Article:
to understand company strengths and areas needing improvement;
the raw ratings will tell you this. You should never anticipate
a perfect rating; if you do, you have "stacked the deck"
and will learn very little.
"customer buying factors" in order of importance,
followed by your rating, is essential. This will help you
determine where to put improvement effort. For example, if
"meeting promised date" rates 9.2 in customer importance
(10.0 being the most important) and your rating is 6.8, you
have work to do. This factor is a more important than "correct
and timely invoicing" with a customer rating of 6.8 score
and your rating of 5.7.
your rating with "best in class", you learn whom
to benchmark. You could even discover you are "best in
class", but still are not satisfying customers. Analyzing
the data will pinpoint one or two issues of compelling importance.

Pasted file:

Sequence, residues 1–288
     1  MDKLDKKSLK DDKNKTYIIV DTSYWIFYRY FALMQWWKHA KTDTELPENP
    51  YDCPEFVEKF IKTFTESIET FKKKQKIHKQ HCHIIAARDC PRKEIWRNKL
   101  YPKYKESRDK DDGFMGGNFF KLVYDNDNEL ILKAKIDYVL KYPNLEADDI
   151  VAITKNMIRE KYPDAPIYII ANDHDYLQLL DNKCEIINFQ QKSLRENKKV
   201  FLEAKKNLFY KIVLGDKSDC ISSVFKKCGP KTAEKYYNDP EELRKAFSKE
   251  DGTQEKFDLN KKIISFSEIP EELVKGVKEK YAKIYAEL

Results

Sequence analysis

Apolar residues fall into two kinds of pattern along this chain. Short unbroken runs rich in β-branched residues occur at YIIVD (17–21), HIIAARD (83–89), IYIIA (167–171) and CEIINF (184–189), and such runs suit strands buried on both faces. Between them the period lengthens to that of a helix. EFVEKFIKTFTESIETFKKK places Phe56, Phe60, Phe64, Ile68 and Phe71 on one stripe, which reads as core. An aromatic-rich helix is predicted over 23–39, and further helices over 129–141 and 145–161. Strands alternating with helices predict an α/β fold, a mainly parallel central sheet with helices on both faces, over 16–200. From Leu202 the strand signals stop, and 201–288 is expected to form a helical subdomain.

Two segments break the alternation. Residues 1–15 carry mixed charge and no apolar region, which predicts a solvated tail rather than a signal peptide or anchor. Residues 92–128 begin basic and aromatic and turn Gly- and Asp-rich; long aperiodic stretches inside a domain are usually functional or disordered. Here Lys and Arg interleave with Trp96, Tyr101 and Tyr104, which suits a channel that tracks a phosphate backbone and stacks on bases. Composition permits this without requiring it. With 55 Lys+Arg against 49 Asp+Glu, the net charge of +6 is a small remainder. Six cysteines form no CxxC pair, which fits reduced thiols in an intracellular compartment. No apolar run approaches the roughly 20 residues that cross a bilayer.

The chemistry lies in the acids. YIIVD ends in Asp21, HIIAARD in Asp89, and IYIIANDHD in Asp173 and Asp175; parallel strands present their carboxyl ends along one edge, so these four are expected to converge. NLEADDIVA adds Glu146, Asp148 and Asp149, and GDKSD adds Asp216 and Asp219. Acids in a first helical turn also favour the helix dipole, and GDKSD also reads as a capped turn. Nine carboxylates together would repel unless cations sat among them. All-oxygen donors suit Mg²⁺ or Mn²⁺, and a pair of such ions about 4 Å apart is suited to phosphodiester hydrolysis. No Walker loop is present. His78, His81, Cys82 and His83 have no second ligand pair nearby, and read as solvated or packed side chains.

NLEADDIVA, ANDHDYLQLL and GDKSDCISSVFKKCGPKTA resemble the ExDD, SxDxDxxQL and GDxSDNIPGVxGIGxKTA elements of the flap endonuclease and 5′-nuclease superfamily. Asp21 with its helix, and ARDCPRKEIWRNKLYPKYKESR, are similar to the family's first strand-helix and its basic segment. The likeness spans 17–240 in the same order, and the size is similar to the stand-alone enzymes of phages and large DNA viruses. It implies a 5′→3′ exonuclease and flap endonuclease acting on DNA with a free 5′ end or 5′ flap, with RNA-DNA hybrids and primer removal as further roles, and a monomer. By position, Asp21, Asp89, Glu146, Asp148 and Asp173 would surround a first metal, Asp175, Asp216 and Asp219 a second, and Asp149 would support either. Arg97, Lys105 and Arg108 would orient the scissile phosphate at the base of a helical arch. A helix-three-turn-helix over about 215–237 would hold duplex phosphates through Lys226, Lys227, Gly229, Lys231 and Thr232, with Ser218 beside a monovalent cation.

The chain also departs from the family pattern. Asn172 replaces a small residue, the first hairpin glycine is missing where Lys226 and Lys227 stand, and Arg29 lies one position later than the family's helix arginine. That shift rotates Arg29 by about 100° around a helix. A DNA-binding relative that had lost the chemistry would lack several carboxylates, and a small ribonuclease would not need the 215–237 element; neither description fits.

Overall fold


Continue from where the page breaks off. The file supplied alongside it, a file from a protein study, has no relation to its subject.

By targeting competitors who are relatively weak in important
areas, you improve your ability to gain satisfied customers
and market position.
Associates experienced a situation where a manufacturer did
not understand a multi-location customer's ratings. They invited
ten representatives to a discussion session. Managers were
asked to define the factors, provide examples, discuss what
other suppliers were doing and offer suggestions. The exercise
was life changing. The manufacturer finally understood the
feedback and responded immediately. Sales improved rapidly
situation, a manufacturer benchmarked the market leader. They
then had to decide how to position themselves. The data pinpointed